How can we revolutionize the world of banking by developing new products and services that really satisfy customer needs? USEEDS° arranged a Design Thinking co-creation workshop for Hello bank! by Cortal Consors, in which users could participate locally and online to create custom-tailored products and services.
The Hello bank! initiative took place from May 16th to June 21th, 2013 and consisted of two stages: In the pre-workshop phase, we gathered general ideas and questions regarding banking services on a previously launched website. A rapidly grown online community submitted over 1400 inputs, which were then divided into clusters for the workshop. On that basis a group of experts from various professional fields worked during five days on designing new banking solutions, while interacting with online community members face-to-face as well as through a broad multi-media setup:
- Six selected members of the online community personally participated in the workshop on location in Berlin.
- Live video streams and a live ticker allowed online users worldwide full, real time access to the workshop. In a moderated chat the users were encouraged to further ask questions and to pitch ideas.
- At the end of each day the online community was able to vote on the ideas they wanted to be polished for the final presentation at the end of the week
An unique Avatar Mechanism enabled the community to participate directly in the workshop: The Avatar was a real person who sat in with the expert groups. Equipped with a tablet computer and a head camera, he represented the online community by feeding back questions and reactions from the chat into the discussions, thereby conveying a real workshop experience for the online viewers.
How did it work out?
The implementation of this concept was very challenging:
- We launched three responsive websites to accompany the initiative.
- During the workshop, static and moving live cams provided an enhanced audiovisual experience for the online participants, which required major technical support.
- For the duration of the workshop sessions, a team was responsible for the uninterrupted moderation of the chat. As the workshop moderator accompanied the workshop team on location, the community moderator translated the tasks for the online users.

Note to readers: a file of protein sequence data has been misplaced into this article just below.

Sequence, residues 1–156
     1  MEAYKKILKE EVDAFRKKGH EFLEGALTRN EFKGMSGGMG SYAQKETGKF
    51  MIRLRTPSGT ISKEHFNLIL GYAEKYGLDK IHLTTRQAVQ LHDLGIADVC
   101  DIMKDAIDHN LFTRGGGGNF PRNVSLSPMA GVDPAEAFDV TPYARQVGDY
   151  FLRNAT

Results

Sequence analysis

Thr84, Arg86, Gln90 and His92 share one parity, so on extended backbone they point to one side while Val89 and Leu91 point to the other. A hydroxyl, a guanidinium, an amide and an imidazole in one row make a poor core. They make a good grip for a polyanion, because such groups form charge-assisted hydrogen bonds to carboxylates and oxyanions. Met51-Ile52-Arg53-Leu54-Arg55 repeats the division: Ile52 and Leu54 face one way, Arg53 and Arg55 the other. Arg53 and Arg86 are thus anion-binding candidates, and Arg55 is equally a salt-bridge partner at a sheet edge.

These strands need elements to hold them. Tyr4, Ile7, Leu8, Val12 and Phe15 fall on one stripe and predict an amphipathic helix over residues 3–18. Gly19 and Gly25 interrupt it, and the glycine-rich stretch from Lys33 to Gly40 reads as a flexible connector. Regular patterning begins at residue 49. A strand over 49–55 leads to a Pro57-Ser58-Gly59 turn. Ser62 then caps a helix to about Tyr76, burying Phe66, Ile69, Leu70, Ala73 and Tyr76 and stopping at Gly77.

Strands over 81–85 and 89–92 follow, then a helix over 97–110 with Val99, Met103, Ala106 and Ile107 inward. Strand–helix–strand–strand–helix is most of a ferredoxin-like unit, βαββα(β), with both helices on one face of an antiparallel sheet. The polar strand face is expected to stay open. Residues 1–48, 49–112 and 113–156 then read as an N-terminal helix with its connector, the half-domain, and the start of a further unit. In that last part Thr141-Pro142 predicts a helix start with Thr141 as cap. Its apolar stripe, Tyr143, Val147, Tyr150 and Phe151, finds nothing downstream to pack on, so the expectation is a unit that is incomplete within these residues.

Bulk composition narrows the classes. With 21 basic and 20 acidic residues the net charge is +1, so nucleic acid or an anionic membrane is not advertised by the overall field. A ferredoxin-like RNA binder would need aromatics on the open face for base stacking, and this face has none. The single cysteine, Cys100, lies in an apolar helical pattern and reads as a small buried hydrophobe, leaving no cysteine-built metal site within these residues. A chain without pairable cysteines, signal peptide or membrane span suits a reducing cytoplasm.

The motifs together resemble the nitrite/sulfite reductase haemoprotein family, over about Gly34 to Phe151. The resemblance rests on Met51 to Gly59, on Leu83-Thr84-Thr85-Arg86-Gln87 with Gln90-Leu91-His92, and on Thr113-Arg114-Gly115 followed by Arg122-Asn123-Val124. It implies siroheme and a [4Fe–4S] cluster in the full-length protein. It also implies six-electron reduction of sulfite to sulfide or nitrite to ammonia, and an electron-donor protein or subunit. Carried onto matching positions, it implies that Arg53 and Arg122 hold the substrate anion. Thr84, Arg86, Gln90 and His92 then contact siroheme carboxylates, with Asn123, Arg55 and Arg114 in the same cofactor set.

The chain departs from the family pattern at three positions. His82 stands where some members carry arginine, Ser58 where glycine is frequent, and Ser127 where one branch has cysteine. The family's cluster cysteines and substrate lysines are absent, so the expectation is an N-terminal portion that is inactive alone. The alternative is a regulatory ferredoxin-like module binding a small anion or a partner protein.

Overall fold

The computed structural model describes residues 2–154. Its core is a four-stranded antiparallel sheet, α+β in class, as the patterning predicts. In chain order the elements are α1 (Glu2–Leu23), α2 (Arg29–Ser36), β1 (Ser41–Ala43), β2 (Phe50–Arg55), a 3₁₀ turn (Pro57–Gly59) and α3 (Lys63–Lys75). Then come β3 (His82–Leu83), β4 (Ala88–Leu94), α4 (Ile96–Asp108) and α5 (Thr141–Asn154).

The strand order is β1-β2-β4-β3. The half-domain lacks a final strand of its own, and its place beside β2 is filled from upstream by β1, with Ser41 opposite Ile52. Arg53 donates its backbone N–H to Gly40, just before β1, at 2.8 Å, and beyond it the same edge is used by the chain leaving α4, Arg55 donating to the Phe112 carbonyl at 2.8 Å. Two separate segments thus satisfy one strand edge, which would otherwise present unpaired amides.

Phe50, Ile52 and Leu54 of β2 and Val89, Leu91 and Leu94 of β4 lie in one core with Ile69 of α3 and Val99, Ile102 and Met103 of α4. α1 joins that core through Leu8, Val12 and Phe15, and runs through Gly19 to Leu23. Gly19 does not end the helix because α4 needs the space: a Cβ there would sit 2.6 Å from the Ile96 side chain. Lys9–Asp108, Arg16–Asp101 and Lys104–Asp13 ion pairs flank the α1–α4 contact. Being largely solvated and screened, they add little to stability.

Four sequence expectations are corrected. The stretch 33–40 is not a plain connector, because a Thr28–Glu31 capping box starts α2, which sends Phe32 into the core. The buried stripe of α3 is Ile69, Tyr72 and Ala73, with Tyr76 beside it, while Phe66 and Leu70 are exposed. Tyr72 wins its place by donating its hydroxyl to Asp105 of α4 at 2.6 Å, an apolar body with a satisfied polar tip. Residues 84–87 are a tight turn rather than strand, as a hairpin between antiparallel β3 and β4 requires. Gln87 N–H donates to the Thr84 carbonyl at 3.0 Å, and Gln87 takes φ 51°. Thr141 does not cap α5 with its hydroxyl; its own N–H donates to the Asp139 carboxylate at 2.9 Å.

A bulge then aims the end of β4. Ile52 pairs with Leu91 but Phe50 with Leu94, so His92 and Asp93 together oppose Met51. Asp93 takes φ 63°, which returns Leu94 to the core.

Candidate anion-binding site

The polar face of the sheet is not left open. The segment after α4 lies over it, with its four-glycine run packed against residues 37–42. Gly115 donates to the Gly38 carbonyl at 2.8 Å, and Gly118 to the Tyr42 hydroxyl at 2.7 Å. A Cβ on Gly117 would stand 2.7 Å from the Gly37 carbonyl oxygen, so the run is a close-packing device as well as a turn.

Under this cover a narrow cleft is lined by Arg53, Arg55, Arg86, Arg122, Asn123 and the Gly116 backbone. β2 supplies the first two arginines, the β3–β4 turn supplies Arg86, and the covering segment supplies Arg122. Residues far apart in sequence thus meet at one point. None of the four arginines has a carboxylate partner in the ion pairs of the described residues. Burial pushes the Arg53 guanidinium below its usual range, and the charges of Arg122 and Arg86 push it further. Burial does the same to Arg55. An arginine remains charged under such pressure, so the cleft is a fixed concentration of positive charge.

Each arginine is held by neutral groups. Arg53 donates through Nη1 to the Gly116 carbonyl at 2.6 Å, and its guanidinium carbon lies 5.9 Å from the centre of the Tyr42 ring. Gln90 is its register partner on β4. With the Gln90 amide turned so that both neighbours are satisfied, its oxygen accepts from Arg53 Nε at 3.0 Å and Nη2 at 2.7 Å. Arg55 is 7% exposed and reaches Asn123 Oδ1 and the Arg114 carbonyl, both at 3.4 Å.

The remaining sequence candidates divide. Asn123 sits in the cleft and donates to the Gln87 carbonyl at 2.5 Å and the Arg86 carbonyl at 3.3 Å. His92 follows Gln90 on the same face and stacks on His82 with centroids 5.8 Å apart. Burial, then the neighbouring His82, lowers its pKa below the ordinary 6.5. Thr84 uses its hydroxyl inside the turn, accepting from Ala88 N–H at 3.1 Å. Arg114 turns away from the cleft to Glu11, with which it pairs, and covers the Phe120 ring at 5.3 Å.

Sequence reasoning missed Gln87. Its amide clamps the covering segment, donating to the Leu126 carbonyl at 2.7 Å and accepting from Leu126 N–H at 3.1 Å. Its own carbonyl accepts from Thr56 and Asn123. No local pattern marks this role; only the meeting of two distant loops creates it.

- Every day, a backstage team prepared the six newly generated ideas for the website voting and finalized the winners in motion graphics videos.
Despite the complexity and thanks to quick troubleshooting of occasional issues, with no major disturbance of both online and local participants, the workshop turned out the be a success. A online participant wrote me: “I really enjoyed to work with the team members!”. And Markus Hormeß, Service Innovation Expert and expert team member, concluded: “It was wild, we explored new ideas and came up with cool results!” (own translation, video).
As in every experiment, there are some improvements to be considered: While the pre-workshop phase of four weeks was necessary for planning and executing the numerous aspects of the project, the time span between the first web launch and the actual workshop somewhat mitigated the great initial involvement of the newly formed online community. A tighter schedule could have attracted even more participants and therefore improved the user experience. However, it should not be disregarded, how much work and time it takes to get everything ready for the workshop. With this in mind it becomes clear, that there is also potential to cut back on some “little things” for example by just using two instead of three live cameras to cover the workshop.
One of the main messages to anyone who is considering attempting such an experiment would be, that it can not be done half way: if you invite users to collaborate in such a transparent innovation process you must be willing to get challenged, tested and surprised. If you are prepared for that, such a co-creation workshop definitely creates many new ideas, provides a lot of insight and an outstanding experience for you and your customers or prospects.
- For further information please visit the Hello bank! Webseite.
- Please also read the blog article of Lothar Lochmaier about the workshop.